Trahana is a kind of pasta made from wheat and dairy that is shaped into balls or patties, dried, then sometimes grated and dried some more before being stored for months or even years. This will be the basis for our Pom Porridge from Hades.
In grocery stores there’s roughly two types: sweet trahana and sour trahana. The wheat in trahana can be flour, semolina, or cracked wheat, and is combined with some kind of dairy—generally fresh milk for sweet trahana, usually goat’s or sheep’s but occasionally cow’s; and soured milk or yogurt for sour trahana, which lends a tangy flavor with deep umami. This recipe uses milder sweet trahana.
Trahana (also sometimes called tarhana, tarhonya, trachanas, and tarkana) is enjoyed from the Mediterranean to Central Asia, including Greece, Crete, Cyprus, Turkey, Romania, Albania, and Iran. So where did this stuff come from? How old is it? That’s a tough question to answer. As William Weaver says in his 2002 article, “The Origins of Trachanás: Evidence from Cyprus and Ancient Texts”:
“I should like to make it perfectly clear that milk based porridges dried in the sun for use during winter are so ancient in concept that they cannot be dated and are probably as old as the gathering in of grains, whether foraged from the wild or cultivated.” (p. 44)
We may not have a finger on where or when trahana originated, but what we do know is it’s more than just a way to preserve excess grains and dairy; it has important social and communal connotations in the Mediterranean too. In Cyprus, making trahana is a social event involving multiple women (and sometimes menfolk), usually neighbors or family members. It tends to end with a group meal, often in the form of a potluck, and the host is expected to eventually return the favor and help other women make their families’ trahana.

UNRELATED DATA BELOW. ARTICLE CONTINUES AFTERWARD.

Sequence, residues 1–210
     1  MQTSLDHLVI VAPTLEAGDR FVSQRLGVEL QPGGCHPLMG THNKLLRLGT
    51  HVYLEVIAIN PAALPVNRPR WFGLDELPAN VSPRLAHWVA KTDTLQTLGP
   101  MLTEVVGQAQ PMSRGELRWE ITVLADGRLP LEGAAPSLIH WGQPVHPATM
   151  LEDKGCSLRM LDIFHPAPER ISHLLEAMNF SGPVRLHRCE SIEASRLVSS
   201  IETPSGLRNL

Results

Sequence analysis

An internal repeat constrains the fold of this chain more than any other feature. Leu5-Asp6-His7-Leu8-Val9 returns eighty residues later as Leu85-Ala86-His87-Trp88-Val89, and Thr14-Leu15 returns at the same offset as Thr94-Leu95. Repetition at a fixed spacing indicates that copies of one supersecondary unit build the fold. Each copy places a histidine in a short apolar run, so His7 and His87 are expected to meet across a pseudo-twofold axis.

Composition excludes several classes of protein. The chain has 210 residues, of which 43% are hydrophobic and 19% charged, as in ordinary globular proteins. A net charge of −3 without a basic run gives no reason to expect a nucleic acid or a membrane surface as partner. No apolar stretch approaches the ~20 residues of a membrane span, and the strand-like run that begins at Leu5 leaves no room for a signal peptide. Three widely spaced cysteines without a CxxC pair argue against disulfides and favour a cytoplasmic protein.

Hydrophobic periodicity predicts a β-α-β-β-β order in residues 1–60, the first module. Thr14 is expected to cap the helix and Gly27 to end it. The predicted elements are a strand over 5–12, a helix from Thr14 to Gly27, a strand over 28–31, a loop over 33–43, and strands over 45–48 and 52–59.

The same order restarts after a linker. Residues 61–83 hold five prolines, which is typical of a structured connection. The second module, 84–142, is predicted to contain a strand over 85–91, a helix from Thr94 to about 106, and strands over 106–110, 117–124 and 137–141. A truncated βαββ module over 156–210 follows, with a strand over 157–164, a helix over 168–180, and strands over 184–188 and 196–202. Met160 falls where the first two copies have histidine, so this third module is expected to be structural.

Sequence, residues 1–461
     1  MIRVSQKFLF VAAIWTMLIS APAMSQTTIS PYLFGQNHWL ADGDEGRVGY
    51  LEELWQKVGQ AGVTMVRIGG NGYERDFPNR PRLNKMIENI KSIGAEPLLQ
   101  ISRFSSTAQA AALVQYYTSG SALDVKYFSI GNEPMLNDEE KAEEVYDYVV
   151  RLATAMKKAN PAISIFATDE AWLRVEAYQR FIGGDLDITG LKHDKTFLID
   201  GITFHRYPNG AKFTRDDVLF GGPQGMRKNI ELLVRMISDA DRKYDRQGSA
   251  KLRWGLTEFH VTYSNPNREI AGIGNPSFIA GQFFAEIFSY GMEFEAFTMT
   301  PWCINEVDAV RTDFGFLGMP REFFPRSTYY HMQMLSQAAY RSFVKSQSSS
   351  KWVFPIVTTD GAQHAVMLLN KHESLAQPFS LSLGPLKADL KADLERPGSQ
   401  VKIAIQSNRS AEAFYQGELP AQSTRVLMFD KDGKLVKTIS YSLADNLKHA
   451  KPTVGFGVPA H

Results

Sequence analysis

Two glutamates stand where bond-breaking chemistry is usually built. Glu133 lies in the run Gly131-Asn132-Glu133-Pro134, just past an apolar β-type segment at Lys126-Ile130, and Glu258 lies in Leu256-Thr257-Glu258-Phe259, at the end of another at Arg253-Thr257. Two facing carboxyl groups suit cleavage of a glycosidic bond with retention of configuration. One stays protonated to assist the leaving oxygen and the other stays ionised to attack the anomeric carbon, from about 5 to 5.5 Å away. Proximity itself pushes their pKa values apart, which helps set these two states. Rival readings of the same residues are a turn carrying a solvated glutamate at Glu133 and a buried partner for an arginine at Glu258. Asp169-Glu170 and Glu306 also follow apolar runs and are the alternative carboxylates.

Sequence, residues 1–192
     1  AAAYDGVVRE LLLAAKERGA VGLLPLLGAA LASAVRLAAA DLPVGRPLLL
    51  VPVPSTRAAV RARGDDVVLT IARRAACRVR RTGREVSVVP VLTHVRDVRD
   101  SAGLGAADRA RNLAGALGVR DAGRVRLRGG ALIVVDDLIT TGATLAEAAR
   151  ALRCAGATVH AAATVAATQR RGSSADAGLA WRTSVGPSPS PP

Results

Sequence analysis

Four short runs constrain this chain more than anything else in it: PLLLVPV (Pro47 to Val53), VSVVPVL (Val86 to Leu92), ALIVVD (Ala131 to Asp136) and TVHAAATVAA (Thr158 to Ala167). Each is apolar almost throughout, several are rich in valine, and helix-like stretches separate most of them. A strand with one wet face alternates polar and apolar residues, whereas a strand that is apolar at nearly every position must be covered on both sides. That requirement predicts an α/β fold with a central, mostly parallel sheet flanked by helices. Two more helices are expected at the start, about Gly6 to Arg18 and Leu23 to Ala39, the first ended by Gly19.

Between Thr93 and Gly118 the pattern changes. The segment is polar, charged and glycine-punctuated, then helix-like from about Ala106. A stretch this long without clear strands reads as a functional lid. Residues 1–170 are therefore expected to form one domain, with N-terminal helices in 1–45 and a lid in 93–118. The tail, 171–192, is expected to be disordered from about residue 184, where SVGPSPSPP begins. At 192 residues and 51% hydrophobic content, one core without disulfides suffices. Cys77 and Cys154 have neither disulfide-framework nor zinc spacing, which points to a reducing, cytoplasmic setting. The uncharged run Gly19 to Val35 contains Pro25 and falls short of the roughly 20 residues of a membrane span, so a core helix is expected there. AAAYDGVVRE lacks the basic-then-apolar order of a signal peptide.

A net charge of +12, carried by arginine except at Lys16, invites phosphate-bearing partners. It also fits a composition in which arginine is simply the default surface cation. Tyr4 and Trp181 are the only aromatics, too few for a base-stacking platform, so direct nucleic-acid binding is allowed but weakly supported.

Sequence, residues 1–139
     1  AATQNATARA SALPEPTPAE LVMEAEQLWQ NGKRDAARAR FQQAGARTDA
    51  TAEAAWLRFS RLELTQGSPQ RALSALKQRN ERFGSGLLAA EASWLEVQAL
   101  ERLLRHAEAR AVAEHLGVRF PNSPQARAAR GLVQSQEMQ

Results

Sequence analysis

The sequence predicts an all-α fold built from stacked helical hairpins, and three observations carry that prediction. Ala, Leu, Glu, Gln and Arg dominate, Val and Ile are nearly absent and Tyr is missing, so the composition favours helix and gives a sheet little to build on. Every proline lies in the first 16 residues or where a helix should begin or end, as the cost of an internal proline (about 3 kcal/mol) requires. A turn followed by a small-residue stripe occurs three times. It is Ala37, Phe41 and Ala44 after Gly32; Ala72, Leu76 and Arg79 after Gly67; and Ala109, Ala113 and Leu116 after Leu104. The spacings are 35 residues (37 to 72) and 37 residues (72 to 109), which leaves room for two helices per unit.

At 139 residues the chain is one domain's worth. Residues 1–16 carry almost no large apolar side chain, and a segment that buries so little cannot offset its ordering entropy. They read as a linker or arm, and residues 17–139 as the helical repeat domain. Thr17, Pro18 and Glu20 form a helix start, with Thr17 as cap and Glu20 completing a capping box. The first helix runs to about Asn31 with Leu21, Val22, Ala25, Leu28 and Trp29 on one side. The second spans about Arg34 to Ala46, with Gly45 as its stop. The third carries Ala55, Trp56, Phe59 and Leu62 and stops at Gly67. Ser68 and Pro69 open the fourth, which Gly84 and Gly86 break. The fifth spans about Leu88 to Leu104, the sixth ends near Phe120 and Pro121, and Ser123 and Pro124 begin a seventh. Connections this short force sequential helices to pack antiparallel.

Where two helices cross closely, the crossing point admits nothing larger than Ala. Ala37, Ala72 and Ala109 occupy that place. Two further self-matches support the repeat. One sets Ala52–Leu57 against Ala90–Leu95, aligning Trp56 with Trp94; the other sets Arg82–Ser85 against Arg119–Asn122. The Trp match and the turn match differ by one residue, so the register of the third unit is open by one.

Maybe it adds a layer of irony to Eurydice making such a social dish all by herself in her own corner of the Underworld.
If you can’t find any trahana near you or get it shipped on the internet, you can try making your own sour trahana (be warned that it might change the flavor of the porridge).
Putting Together Pom Porridge
Okay, so we’ve done a bit of research about ancient Greek dining and modern Greek food. How do we put it together to make a modern Pom Porridge?
Obviously we’ll be using trahana as the base of the porridge. My version is inspired by this recipe for trahanasoupa by OMGfood (shoutout to a fellow New Englander!). Instead of boiling sour trahana with water, milk, and feta, our porridge toasts sweet trahana in olive oil to bring out the natural nuttiness and then simmers it in pomegranate juice for an incredibly rich, sweet experience.
In fact, even with the Greek yogurt for acid and creaminess, the porridge is so rich it’s really best to eat it cold and in small amounts.
But what if you can’t find trahana and don’t have time to make your own?
I totally get it! You can try adapting your favorite oatmeal or farina recipes and using pomegranate juice if that’s easier. Either way the porridge will last at least 3-4 days in your refrigerator once cooked.
Modern Toppings for Pom Porridge